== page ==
I didn't have a camera at school to take a picture in my classroom, but I can give you a sense of environment. The first picture is one that was taken last week in my classroom for the school system's website, the second is T helping me grade some quizzes on Sunday. Merge the two in your mind and you'll have a good idea of the scene. Mondays at work don't get much

Monday, September 03, 2007

A family first

After our Labor Day dinner of veggie burgers and roasted potatoes (our attempt at healthy french fries, which were quite yummy with olive oil & rosemary), we took Hannah out for an evening walk. Usually, there are only three of us walking because Tobin rides in the stroller. But we decided to take a very short walk due to the heat, so tonight Tobin walked with us to the end of our little street and back (maybe 100 yards).

Tobin was very enthusiastic even before we stepped out the door because he was wearing NEW SANDALS. We had tried the same pair on him earlier in the summer but he did not like them because they felt funny on his toes (picture flip flops with a heel strap). Tonight was quite different. He LOVED them. He would walk around giggling and just looking at his feet. Then we went outside, and there was more laughing as he walked down the street with us, sometimes holding my hand or Matt's hand or both of our hands or no one's hands. He made Matt and me both a little nervous because he fell a couple of times. While we're used to the falling that comes with new walking (Matt likes to exclaim, "Sniper!" when Tobin falls seemingly randomly and, especially, sideways.), it's totally different when he's falling on asphalt. Tobin, however, was undaunted by any stumble. He just loved being outside and looking at fascinating things close up like parked cars, trash cans, recycling bins, and grass! He loved to walk up to the curb onto the grass and kneel down and pat the grass. We also let Tobin hold Hannah's leash but she pulled it out of his hands rather easily, which was startling to her (it's retractable and would fly back towards her) and hilarious to him.

The walk ended with Tobin walking up all nine of our front steps with some help from Dad. Once inside, we took his sandals off. He protested until he realized that he could hold the sandals and shake them while almost-running around the house. And squealing with laughter.

Saturday, September 01, 2007

So long, Summer.

We are certainly sad to see the summer go, but what a lovely summer it was...

At the end of June/beginning of July, Tobin took his first-ever trip to Louisiana. We drove, which in hindsight (and for most people, in foresight) was not the best option. But Hannah hurt her back a few weeks before the big trip and we weren't comfortable boarding her. Plus, we had a fabulous new road-trip-ready car, Sirius radio, the iPod, and two able drivers. It's all kind of a blur now, but we actually drove from here to Louisiana in one day on the way there. I don't like to remember how long it took, except that Mapquest estimated 16 hours and it took longer than that. Again, not our best decision as parents. But Tobin did remarkably well, considering. And he's a pro at sub-10-hour trips in the car because of it now. We had a great time in Louisiana while we were there, spending the first few days at a state park in the northwestern part of the state and then traveling down to Lake Charles for the remainder. Tobin got to meet his Lantrip family: great-grandparents, two great-uncles and their families, and three great-aunts and their families. That means lots and lots of cousins, most of whom are my first cousins, which I think makes them T's second cousins? It was wonderful to share him with everyone although he was just getting into his more intense separation anxiety period and usually wanted Matt or me nearby--he wouldn't let just anyone pick him up without a little protest. Our time went too quickly, but we have next summer to look forward to...when we will almost certainly fly. :)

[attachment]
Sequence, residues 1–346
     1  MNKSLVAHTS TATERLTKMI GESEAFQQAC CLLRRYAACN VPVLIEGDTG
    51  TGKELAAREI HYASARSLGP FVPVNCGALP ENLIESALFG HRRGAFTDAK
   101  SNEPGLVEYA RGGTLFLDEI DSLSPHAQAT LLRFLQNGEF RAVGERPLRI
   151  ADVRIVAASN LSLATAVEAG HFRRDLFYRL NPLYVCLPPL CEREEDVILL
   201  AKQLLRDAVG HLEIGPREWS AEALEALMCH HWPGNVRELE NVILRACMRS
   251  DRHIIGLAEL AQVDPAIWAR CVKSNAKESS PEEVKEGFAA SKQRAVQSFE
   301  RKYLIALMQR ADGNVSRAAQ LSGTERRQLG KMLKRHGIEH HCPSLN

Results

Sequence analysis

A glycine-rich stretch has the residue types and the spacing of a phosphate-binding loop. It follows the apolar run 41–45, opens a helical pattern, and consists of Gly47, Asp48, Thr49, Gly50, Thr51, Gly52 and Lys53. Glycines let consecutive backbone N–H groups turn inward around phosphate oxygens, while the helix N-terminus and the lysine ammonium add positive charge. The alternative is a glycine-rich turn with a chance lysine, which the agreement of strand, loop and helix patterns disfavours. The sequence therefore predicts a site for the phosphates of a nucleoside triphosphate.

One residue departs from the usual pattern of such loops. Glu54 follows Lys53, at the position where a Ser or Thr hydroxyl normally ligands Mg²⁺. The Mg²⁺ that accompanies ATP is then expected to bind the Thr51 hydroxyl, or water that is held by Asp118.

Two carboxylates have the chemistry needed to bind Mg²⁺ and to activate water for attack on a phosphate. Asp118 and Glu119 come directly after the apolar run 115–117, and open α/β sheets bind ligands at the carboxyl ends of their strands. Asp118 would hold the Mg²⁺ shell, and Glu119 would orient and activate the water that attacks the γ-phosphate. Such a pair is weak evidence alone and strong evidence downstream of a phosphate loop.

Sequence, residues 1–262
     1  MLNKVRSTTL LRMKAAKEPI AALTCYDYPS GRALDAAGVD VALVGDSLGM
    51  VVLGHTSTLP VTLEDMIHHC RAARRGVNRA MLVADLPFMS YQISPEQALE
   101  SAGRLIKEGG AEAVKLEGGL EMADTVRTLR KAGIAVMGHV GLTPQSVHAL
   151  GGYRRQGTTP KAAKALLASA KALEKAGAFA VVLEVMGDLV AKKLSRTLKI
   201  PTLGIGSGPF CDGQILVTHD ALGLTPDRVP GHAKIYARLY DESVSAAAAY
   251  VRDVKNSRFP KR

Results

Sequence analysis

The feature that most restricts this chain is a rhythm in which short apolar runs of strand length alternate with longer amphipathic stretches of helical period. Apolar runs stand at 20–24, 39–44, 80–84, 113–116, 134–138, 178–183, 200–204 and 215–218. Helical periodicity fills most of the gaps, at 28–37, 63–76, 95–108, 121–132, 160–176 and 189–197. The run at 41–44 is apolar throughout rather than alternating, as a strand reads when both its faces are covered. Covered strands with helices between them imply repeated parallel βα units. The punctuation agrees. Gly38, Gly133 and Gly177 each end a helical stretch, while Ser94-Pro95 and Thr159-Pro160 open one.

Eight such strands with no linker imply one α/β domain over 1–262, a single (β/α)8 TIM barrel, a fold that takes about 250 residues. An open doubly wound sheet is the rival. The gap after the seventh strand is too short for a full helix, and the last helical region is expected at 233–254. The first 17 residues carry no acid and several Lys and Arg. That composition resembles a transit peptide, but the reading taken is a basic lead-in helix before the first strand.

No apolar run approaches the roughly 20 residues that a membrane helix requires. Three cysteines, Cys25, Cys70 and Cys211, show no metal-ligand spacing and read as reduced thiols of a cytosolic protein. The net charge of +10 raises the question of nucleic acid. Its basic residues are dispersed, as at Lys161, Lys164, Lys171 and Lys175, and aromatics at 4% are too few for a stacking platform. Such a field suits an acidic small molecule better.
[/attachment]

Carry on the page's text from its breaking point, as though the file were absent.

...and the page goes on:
Our other big trip of the summer was at the beginning of August when we drove to Kentucky for a few days. There were far fewer people to visit during this trip but that made it very nice. Just us and the grandparents. Matt and I snuck away for TWO dates while we were there. And there was lots of playing with and watching Tobin do his new tricks, which included almost walking at that point.

Right before his 15-month birthday, Tobin started walking. I remember playing with him one Saturday, and he just stood up unassisted and took about seven steps toward me. It was if he had decided he was ready to really give this biped thing a go. Ever since, he's been practicing a lot. There are still lots of stumbles and some crawling, but he's walking for the most part. It's really odd in a way, because walking makes him look so grown-up yet when he's standing, he looks so small. The best thing about Tobin walking is that when I come home from work, I am greeted by an almost-running, smiley little boy who stumbles into my arms for a big hug. It's simply wonderful.